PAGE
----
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History Retold

A renovation project reveals the 18th-century façade of a Virginia residence.

Project: Residence, Fairfax County, VA

Architects: Barnes Vanze Architects, Washington, DC; Stephen J. Vanze, AIA, partner in charge; Stephen Schottler, AIA, project architect

Lead Carpenter: Paul Novak, Baltimore, MD

By Lynne Lavelle

In 1737, before the creation of Fairfax County, VA, frontier planter Thomas Simmons constructed a log house near the Great Falls of the Potomac River. The 300-sq.ft. gable-roofed, single-room, one-story dwelling was crafted with hand tools using trees felled on site, and chinked with a mix of clay, lime and horsehair, over a foundation of local stone. At some point in the mid-18th century, a 230-sq.ft. shed-roofed log pen and timber-framed kitchen were added, but it wasn’t until its acquisition by Captain John Jackson, Jr., in 1796 that the house was refined and significantly expanded. Jackson, a justice of the peace, raised the roofs on each element and constructed a two-story, 1,000-sq.ft. Greek Revival addition in the mid-19th century. "Four Stairs" remained in the Jackson family for five generations, and during this time, it came to demonstrate the evolution of regional vernacular architecture, from early settlement log construction through timber-framing and transitional frame construction. All could be clearly read side by side on the telescoping exterior.

After ownership passed from the Jackson family, ca. 1928, subsequent owners tried unsuccessfully to unify the various elments with renovations in the Colonial Revival style. By 2002, a new owner found the fabric of Four Stairs in disrepair and enlisted the Washington, DC-based firm Barnes Vanze Architects to revitalize it. Partner Stephen Vanze worked closely with the client to establish broader goals for the house, beyond improving its run-down exterior. "When we first came to the project, the owner was having the original log cabin re-chinked and the exterior walls rebuilt," says Vanze. "The house looked similar to the finished result, but it was in really terrible shape. The owner was trying to fix the deteriorating condition of the building, but didn’t yet know how he wanted to live in the house, or how to insert the modern elements he needed."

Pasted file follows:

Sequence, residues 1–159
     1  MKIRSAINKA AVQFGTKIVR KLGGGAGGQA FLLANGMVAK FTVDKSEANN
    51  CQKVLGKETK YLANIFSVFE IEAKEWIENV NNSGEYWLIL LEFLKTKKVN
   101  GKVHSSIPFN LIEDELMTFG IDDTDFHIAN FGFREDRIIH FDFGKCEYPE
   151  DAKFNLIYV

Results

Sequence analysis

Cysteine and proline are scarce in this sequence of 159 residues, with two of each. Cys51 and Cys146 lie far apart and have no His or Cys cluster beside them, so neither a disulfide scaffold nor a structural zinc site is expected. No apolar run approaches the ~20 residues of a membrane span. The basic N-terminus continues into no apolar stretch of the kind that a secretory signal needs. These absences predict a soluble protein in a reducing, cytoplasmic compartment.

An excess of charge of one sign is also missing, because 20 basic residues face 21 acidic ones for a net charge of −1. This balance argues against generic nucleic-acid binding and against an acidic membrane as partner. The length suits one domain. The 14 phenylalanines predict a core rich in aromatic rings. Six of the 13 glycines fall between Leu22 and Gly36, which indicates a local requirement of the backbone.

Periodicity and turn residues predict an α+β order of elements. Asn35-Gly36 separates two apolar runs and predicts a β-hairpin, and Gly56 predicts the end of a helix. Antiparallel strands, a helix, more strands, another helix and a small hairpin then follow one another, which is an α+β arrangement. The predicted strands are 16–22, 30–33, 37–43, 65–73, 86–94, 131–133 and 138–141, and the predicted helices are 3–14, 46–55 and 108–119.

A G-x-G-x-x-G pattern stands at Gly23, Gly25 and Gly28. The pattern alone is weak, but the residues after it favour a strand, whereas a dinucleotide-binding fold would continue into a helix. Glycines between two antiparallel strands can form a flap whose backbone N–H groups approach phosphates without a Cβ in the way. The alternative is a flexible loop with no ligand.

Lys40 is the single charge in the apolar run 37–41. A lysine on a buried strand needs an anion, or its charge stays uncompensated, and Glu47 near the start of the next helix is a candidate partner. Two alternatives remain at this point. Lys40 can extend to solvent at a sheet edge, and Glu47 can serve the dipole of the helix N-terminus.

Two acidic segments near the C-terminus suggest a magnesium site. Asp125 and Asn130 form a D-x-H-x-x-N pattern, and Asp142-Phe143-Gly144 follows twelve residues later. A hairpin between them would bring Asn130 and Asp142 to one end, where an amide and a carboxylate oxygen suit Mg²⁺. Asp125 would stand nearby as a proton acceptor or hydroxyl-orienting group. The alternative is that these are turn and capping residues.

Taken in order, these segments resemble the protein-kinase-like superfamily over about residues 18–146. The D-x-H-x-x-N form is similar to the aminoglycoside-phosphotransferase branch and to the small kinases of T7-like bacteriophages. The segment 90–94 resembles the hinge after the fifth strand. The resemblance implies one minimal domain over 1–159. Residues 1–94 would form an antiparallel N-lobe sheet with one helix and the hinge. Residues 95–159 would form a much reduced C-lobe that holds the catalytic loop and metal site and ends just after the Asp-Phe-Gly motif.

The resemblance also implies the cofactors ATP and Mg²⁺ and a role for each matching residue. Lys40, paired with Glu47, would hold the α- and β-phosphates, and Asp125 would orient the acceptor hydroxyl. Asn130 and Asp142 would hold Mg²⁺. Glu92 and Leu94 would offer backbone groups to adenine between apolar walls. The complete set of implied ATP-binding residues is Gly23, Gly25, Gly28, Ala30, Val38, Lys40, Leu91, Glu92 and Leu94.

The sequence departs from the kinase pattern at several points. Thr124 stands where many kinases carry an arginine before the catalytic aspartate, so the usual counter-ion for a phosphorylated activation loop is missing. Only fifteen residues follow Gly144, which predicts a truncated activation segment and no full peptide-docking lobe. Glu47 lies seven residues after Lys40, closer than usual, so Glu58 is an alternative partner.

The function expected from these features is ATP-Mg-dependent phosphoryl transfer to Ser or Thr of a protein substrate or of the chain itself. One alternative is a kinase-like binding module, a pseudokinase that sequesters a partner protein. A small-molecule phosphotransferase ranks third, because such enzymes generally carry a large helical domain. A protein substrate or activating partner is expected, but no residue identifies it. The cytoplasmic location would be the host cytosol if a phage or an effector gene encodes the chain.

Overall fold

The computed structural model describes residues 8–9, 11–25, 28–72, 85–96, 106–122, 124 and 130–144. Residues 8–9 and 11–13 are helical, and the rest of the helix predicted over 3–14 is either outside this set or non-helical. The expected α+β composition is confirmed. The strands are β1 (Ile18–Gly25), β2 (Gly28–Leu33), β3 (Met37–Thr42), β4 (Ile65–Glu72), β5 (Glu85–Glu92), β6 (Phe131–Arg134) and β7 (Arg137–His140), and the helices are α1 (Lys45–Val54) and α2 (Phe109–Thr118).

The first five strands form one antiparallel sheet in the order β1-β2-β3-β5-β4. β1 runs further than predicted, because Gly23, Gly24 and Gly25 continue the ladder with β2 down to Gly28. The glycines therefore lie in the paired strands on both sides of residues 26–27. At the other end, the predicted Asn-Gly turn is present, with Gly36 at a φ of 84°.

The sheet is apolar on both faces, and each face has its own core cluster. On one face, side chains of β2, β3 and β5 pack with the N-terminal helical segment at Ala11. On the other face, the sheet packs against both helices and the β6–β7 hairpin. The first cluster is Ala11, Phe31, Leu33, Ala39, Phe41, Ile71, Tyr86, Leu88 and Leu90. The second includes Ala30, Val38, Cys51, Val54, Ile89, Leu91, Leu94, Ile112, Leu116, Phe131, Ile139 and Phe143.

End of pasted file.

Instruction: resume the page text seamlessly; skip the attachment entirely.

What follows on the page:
The client was planning the house for a family, and wanted to create livable family spaces and remove the jumble of earlier renovations. Twentieth-century renovations had not been detailed sympathetically, nor were they structurally sound. Of these, a kitchen addition on the north side was the most fragile, and was immediately removed. In its place, a glazed porch-like post-and-beam structure provided space for a new kitchen and a sitting room, divided by the original chimney. Removing the kitchen addition revealed the original exterior. "We conceived of this as a post-and-beam porch across the side of the house that was later enclosed," says Vanze. "It creates a natural transition from new to old and the nice thing is, it becomes a transparent grid when illuminated at night and exposes to the outside the original log cabin wall."